Everything Is Just Dandy!

David Wengrow and David Graeber – Farewell to the ‘childhood of man’

The Anarchist Library

Author: David Wengrow and David Graeber
Title: Farewell to the ‘childhood of man’
Subtitle: Ritual, seasonality, and the origins of inequality
Date: June 18, 2015
Notes: DOI: https://doi.org/10.1111/1467-9655.12247
Source: Journal of the Royal Anthropological Institute Vol. 21 (3), pp. 597–619. Online: https://rai.onlinelibrary.wiley.com/doi/abs/10.1111/1467-9655.12247


Evidence of grand burials and monumental construction is a striking feature in the archaeological record of the Upper Palaeolithic period, between 40 and 10 kya (thousand years ago). Archaeologists often interpret such finds as indicators of rank and hierarchy among Pleistocene hunter-gatherers. Interpretations of this kind are difficult to reconcile with the view, still common in sociobiology, that pre-agricultural societies were typically egalitarian in orientation. Here we develop an alternative model of ‘Palaeolithic politics’, which emphasizes the ability of hunter-gatherers to alternate – consciously and deliberately – between contrasting modes of political organization, including a variety of hierarchical and egalitarian possibilities. We propose that alternations of this sort were an emergent property of human societies in the highly seasonal environments of the last Ice Age. We further consider some implications of the model for received concepts of social evolution, with particular attention to the distinction between ‘simple’ and ‘complex’ hunter-gatherers.


If we seek to know about the past, a field of study that has never seemed dishonourable to any discipline other than social anthropology, the point of departure should be hunter-gatherers in favourable regions, hunter-gatherers who might not have been such and probably remain such only by reason of restrictive social forms that for them are quite possibly a distant and glorious heritage (Testart 1988: 13).

Introduction: the ‘sapient paradox’

The Henry Myers Lecture was endowed seventy years ago to promote new perspectives on the ‘the place of religious belief in human development’ (*). Only recently, however, two leading anthropological theorists concluded that, to all intents and purposes, ‘religion’ does not exist – at least not in the sense of a discrete analytical category that we can expect to find and study across the whole range of human societies. We are referring here to Marshall Sahlins’ assertion that ‘the elementary forms of kinship, politics, and religion are all one’ (2008: 197), and to Maurice Bloch’s (2008) conclusion that what we now term ‘organized religion’ is a historical residue, left over from the collapse of Bronze Age states where sacred and political power were initially fused.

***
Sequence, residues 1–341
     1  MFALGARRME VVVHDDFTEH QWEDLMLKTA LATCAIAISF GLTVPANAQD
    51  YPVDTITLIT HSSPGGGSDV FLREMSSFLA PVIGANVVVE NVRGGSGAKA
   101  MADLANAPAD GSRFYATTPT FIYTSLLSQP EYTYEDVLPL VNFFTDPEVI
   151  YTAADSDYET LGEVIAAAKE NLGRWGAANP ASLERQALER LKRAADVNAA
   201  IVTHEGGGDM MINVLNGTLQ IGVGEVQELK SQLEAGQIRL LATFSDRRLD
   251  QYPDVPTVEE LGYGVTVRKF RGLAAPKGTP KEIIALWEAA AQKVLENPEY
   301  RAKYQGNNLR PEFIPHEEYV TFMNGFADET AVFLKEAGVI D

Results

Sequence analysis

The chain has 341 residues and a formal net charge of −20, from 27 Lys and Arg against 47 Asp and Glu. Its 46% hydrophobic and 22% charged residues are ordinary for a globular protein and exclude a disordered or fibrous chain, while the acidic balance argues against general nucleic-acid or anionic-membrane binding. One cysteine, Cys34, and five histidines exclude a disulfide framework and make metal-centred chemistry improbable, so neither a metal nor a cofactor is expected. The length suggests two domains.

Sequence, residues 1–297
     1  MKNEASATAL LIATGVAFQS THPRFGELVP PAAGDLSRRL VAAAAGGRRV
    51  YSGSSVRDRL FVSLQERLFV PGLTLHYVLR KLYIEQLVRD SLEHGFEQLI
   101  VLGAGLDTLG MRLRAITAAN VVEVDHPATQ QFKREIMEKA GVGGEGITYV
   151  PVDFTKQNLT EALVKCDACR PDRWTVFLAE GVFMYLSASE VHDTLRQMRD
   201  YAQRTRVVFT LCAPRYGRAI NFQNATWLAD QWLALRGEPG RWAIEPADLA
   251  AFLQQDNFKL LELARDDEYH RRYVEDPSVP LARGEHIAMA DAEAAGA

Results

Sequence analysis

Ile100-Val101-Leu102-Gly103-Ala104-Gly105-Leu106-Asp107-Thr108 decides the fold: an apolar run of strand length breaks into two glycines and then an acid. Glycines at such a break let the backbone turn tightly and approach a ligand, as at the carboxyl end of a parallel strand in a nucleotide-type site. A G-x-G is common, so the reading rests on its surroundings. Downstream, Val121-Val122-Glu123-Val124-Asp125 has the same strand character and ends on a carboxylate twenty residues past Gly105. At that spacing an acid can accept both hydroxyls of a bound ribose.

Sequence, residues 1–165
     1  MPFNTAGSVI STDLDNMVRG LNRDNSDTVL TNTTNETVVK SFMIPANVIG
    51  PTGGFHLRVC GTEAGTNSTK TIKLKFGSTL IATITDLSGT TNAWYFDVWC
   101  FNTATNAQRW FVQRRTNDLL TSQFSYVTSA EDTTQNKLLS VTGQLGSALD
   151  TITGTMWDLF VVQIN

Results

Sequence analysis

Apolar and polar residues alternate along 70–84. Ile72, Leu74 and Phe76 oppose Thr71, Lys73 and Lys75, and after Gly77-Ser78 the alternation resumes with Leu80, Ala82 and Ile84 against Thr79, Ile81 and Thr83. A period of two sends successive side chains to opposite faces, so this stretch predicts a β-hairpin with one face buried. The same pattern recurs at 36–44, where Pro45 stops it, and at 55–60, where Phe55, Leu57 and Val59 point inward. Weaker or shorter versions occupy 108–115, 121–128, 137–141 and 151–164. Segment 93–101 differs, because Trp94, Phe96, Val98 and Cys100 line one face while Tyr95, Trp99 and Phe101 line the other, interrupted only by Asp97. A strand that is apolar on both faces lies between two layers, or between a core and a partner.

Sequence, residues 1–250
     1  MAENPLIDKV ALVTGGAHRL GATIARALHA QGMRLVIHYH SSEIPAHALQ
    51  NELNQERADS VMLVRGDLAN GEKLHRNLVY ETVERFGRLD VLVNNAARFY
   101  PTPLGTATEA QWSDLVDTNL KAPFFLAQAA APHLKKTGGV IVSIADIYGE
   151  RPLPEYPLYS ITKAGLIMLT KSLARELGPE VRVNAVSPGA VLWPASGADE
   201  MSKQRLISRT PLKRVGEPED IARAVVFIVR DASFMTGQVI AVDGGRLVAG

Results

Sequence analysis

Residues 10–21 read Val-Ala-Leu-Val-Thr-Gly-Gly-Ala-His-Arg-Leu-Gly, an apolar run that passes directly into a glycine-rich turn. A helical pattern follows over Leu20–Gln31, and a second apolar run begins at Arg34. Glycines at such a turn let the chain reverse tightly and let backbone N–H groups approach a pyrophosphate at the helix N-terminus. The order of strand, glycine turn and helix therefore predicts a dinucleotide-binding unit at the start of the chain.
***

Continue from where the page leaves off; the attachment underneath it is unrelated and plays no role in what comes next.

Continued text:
If they are right, then a Myers Lecture on human prehistory could in theory be about almost anything. By choosing to discuss the origins of social inequality – our main topic – we will also find ourselves talking about religion and, probably, economics and politics as well: a position that resonates with the kind of language used today by archaeologists and evolutionary theorists, who no longer talk about the origins of ‘religion’ or ‘politics’, but rather speak of ‘behavioural modernity’ or ‘cultural complexity’. This is precisely to indicate that the earliest evidence for what we might now distinguish as ‘religious’, ‘political’, or, for that matter, ‘artistic’ behaviour is all of a piece, appearing together in striking configurations in the archaeological record of the last Ice Age. The main problem vexing prehistorians concerns the timing of that appearance.

To summarize briefly, the genetic and anatomical foundations of our species were established between 200 and 160 kya (thousand years ago); but evidence for complex modes of symbolic communication – in other words, for typically modern human behaviour – becomes widespread in the archaeological record only tens of thousands of years later. First glimmerings appear at Blombos Cave, on the southern tip of Africa, where evidence for the use of ochre-based pigments (at 100 kya) and shell ornaments (at 70 kya) is found across a series of deposits dating to the Middle Stone Age (Henshilwood 2007; Henshilwood et al. 2011). But it is only after around 45 kya, when our species was busily colonizing Eurasia, that evidence for cultural complexity becomes more widely attested: an efflorescence that has sometimes – and contentiously – been termed the ‘Upper Palaeolithic Revolution’ (Mellars, Boyle, Bar-Yosef & Stringer 2007).

None of these novel activities are exclusive to Upper Palaeolithic Europe and it is, indeed, unlikely that any of them originate there (see McBrearty & Brooks 2000). Nevertheless, it is across the southern and central parts of that continent that they are currently documented with the greatest frequency and intensity. The activities in question include the use of advanced toolkits for hunting and handicrafts, the transformation of diverse materials (e.g. bone, clay, fibre) into durable images and structures, new ways of clothing and decorating the body, the use of musical instruments, the exchange of raw materials over impressive distances, and also what are generally taken as the earliest proofs of social inequality, in the form of grand burials and – after the Last Glacial Maximum (c. 20 kya) – monumental dwellings as well. It is this apparent lack of synchrony between the ticking of our genetic and cultural clocks that Colin Renfrew (2007) provocatively calls the ‘sapient paradox’.